Winning makes most things better. But occasionally, those wins become fleeting moments.
So why did Berry’s win prove to have some lasting power? How did he go from the driver who had Dale Earnhardt Jr. begging for sponsors to someone with enough backing to race full-time in the Xfinity Series? The first answer stems from the “perfect storm” of Berry winning on a Sunday ahead of the Cup race, Earnhardt Miller said.
“They (Cup teams and drivers) had to be there,” she said. “That was still in the midst of COVID whenever we were supposed to be there on different days, but we ended up not being (that way) for weather. … I mean winning the race was huge, but the buzz of the Kyle Busches and different people that were talking about Josh and congratulating him and all these different things, the buzz that that created really was helpful.”
The second answer is how Berry continued to back up his performances on the track. Two weeks after winning, Berry finished second at Darlington and again the following week at Dover.
“The eyeballs were there once he got in the car and he did well,” Earnhardt Miller said. “And I think that we didn’t have a doubt that really that would be the way that it went. But it’s hard to get in these race cars and contend, and I really attribute that to his late model career, the fact that he knows race cars in and out.”
By August, Berry was announced as the next full-time driver for JRM. In the aftermath of his win, Tire Pros extended its sponsorship with JRM and Harrison’s, a workwear clothing outlet with locations in North Carolina and South Carolina, signed on to support Berry in 2022. Harrison’s had previously sponsored super late model driver Bubba Pollard and wanted to rally around a NASCAR driver with similar roots, Earnhardt Miller said.
She also believes Berry’s success was easy for long-time fans to root for.
“It gave people what they’ve been wanting to see in terms of somebody truly making it on what they felt like was merit, and not just merit, but the way that the old racers made it, right?” Earnhardt Miller said, noting her father and seven-time Cup champion Dale Earnhardt Sr. didn’t make his first Cup start until he was 28 years old.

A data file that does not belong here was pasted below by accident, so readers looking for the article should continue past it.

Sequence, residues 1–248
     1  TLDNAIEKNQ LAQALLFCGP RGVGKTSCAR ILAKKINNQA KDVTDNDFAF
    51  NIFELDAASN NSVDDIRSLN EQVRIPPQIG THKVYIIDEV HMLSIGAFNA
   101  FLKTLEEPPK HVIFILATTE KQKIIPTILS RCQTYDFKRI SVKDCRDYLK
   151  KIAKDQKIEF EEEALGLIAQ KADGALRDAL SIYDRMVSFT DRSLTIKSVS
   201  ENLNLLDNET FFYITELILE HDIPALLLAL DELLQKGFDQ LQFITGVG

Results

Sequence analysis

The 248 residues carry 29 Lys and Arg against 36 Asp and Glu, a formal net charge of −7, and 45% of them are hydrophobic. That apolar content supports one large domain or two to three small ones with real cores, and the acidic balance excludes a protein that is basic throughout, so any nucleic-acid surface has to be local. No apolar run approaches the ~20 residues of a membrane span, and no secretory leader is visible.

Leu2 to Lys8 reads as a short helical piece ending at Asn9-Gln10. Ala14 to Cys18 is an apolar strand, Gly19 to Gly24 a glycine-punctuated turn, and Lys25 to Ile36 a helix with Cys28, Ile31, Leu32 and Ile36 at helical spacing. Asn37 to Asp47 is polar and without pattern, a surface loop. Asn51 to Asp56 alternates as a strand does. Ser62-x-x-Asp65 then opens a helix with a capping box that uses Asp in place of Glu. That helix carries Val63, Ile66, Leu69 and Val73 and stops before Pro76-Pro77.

“I think that really was probably the thing that propelled Josh up there, really, because people really wanted to wrap their arms around that. And I don’t mean that other people haven’t made it on merit. But that was somebody that they followed, and they knew this 10-year history and then all of a sudden got this opportunity, which people were ecstatic about. And then to put it in victory lane just kind of solidified that whole process.”
BACK TO THE PAPERCLIP
Heading into Martinsville this weekend, Berry sits fifth in Xfinity points with three top fives and four top 10s through seven races.
It’s been a strong start for the No. 8 team, but Berry is still trying to wrap his head around where his career has taken him.
“Really amazing when I sit and think about it, just how much changed,” Berry said. “And obviously the win, I’ve described it as life-changing, I think that’s the best way to put it. That led to the opportunity to have this year full-time at JRM, but just along the way, not only that, but so many other opportunities come down.
“I was able to make a couple of Cup starts at Spire Motorsports, Truck races, more Xfinity races. It’s just been amazing just how much that really changed.
“I mean, it was just such a huge day.”